Alcohol Use Disorders in Primary Health Care: What Do We Know and Where Do We Go?
To analyze the current paradigm and clinical practice for dealing with alcohol use disorders (AUD) in primary health care.
Analyses of guidelines and recommendations, reviews and meta-analyses.
Many recommendations or guidelines for interventions for people with alcohol use problems in primary health care, from hazardous alcohol use to AUD, can be summarized in the SBIRT principle: screening for alcohol use and alcohol-related problems, brief interventions for hazardous and in some cases harmful alcohol use, referral to specialized treatment for people with AUD. However, while there is some evidence that these procedures are effective in reducing alcohol use levels, they are rarely applied in clinical practice in primary health care, and no interventions are initiated, even if the primary care physician had detected problems or AUD.
Rather than asking primary health care physicians to conduct interventions which are not typical for medical doctors, the researchers recommend treatment initiation for AUD at the primary health care level. AUD should be treated like hypertension, i.e. with regular checks for alcohol consumption, advice for behavioral interventions in case of consumption exceeding thresholds, and pharmaceutical assistance in case the behavioral interventions were not successful. Minimally, alcohol consumption should be screened for in all situations where there is a co-morbidity with alcohol being a potential cause (such as hypertension, insomnia, depression or anxiety disorders).
A paradigm shift is proposed for dealing with alcohol use disorders in primary health care, where initiation for treatment for AUD is seen as the central element.
Background and key issues addressed
Alcohol use disorders (AUD) are prevalent around the world (Rehm et al., 2009; World Health Organization, 2014), especially in high-income countries with small Muslim populations. In 2012 the prevalence of AUD for adults (defined as 15 years of age and older based on ICD 10) (World Health Organization, 1993) was 4.2% for the total adult population (a 1.8% prevalence of the harmful use of alcohol and a 2.3% prevalence of alcohol dependence—people with alcohol dependence and harmful use were only included under dependence), 7.1% for the adult male population and 1.2% for the adult female population (World Health Organization, 2014). In high-income non-Muslim countries, where less than 50% of the population identified as Muslim, the prevalence of AUD was 7.2% for the total adult population (a 3.2% prevalence of the harmful use of alcohol and a 4.0% prevalence of alcohol dependence), 11.4% for the adult male population and 3.2% for the adult female population.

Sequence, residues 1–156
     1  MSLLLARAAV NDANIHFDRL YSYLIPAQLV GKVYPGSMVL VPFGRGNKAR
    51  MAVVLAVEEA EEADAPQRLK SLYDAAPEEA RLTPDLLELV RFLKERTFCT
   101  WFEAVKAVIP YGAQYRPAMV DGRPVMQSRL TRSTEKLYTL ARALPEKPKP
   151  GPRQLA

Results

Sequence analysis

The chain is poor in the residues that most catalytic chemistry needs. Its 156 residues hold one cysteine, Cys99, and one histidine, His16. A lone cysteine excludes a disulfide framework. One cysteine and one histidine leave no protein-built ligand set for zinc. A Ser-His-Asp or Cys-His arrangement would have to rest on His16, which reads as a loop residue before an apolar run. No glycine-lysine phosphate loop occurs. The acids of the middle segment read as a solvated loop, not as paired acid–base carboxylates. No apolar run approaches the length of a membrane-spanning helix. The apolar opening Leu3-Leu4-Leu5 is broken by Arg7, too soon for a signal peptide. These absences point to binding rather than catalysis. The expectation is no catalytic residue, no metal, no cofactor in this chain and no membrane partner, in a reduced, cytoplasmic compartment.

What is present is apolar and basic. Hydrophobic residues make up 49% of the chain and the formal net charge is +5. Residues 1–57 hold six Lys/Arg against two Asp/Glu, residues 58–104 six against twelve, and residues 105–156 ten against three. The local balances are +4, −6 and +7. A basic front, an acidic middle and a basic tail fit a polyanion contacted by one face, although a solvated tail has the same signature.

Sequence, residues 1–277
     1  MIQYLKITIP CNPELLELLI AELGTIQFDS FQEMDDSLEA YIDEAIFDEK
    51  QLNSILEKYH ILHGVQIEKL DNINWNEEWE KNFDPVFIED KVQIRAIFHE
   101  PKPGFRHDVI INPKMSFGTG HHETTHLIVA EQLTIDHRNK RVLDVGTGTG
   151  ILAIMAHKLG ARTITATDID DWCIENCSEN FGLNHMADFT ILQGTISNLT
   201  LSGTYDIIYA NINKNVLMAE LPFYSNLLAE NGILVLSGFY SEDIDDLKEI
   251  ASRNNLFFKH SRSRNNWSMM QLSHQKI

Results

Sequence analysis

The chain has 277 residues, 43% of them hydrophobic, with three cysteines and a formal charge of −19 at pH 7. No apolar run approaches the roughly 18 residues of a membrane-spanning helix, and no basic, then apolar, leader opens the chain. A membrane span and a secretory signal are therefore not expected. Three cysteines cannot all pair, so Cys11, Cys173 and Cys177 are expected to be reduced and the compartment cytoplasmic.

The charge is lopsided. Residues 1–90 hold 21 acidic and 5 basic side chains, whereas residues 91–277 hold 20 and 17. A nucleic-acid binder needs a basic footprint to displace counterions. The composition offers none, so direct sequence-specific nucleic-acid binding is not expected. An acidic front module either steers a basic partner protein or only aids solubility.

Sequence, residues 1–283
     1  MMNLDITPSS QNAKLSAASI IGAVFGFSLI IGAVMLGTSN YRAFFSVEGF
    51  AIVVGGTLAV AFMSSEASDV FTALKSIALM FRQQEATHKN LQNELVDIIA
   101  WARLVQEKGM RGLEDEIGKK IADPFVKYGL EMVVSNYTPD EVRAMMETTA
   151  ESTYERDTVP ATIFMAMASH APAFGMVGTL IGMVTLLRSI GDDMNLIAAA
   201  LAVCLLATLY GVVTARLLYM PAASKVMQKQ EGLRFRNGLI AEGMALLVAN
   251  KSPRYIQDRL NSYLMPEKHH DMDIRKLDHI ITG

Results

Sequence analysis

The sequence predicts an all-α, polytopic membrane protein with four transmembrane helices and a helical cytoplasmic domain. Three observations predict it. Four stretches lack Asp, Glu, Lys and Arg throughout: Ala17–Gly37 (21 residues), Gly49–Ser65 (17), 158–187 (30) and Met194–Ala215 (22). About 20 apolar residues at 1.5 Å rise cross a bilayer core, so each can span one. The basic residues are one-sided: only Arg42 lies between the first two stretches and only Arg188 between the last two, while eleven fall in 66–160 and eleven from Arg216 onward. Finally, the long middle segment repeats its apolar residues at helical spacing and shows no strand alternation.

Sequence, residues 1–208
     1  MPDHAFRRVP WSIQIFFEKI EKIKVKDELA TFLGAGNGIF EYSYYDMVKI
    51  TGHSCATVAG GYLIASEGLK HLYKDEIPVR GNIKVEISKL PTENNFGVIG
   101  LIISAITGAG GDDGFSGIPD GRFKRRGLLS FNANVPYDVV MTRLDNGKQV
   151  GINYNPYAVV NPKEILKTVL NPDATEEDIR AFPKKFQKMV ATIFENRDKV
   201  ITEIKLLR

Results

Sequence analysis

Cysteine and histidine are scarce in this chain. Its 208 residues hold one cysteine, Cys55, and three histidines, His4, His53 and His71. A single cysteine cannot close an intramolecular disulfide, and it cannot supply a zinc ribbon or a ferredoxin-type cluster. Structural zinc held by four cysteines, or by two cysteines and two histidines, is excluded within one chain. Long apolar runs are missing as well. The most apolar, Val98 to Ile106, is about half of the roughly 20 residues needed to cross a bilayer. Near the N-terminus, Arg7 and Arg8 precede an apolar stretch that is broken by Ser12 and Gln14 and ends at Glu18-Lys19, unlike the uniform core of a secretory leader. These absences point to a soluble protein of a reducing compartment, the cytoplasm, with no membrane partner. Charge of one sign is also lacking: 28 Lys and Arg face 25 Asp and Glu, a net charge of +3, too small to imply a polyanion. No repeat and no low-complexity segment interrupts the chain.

For primary health care (PHC) samples, the prevalence of AUD is even higher for several reasons (Üstün and Sartorius, 1995; Ansseau et al., 2004; Manthey et al., in press).
- First, PHC samples comprise patients, and as heavy use of alcohol and AUD are associated with many disease and injury categories attended for in PHC, prevalence of heavy use and AUD should be higher among PHC patients. The most prominent PHC disease categories associated with heavy alcohol use are hypertension, insomnia, liver problems, depression and anxiety disorders (Chakravorty et al., 2013; Rehm et al., 2015c;).
- Second, the age distribution of PHC patients over-represents people 40 years and older; in this age group, in many countries, alcohol dependence has the highest prevalence, at least for severe dependence (Rehm et al., 2005; an exception is the USA—Rehm et al., 2014b—where prevalence of AUD is highest in younger adults; for a critical discussion of the USA see Caetano and Babor, 2006).
- Third, many of the people not responding or outside the sampling frame for general population surveys (Shield and Rehm, 2012) can be found in PHC; and this includes people without a permanent living address in some instances.
From recognition to effective forms of intervention
Given the high prevalence of AUD in PHC, the main question concerns how these patients should be handled, and what empirical evidence there is for different forms of interventions and their clinical application. Before reporting on potential interventions, separated in screening, brief advice, treatment and referral to specialized care, the researchers first answer the question, whether PHC physicians can recognize people with AUD. For all discussion in all sections, the researchers consider systematic reviews and meta-analysis first, and, if not available, we report large-scale studies.